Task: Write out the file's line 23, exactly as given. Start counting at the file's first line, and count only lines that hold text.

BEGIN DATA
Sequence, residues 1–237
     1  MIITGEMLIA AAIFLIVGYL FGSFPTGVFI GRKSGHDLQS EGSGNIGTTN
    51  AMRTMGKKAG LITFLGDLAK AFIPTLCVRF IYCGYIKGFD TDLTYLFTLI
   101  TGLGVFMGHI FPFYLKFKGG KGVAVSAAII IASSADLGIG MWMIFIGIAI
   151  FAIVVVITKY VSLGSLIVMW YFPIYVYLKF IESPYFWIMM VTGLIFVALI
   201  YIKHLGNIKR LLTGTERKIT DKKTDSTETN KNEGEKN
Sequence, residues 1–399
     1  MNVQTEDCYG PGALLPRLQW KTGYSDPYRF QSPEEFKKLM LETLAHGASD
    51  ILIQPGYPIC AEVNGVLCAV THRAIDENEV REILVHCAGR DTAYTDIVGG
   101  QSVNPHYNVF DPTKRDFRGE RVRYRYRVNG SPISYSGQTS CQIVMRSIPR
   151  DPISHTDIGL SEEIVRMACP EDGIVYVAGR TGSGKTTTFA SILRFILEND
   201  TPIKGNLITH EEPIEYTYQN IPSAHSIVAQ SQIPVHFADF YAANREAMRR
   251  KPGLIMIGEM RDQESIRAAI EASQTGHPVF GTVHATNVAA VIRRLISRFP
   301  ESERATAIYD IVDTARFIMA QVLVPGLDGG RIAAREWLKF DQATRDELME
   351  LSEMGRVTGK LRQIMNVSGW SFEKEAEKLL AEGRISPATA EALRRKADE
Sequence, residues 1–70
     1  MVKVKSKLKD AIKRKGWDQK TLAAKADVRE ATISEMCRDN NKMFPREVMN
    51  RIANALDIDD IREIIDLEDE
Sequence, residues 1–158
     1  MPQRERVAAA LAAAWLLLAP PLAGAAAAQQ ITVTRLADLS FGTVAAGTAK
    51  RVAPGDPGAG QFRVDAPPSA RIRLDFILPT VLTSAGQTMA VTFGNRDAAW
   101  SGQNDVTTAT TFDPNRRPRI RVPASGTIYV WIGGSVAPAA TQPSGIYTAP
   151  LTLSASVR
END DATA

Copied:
   151  LTLSASVR